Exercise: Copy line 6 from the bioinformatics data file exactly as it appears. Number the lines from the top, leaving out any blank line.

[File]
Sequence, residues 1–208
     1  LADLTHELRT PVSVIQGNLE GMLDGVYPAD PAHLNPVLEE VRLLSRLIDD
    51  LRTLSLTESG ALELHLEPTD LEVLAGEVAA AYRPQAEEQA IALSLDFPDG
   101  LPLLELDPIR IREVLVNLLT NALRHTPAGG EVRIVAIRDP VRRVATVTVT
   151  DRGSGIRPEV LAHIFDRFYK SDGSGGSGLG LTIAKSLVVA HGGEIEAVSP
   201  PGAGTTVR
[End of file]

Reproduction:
   201  PGAGTTVR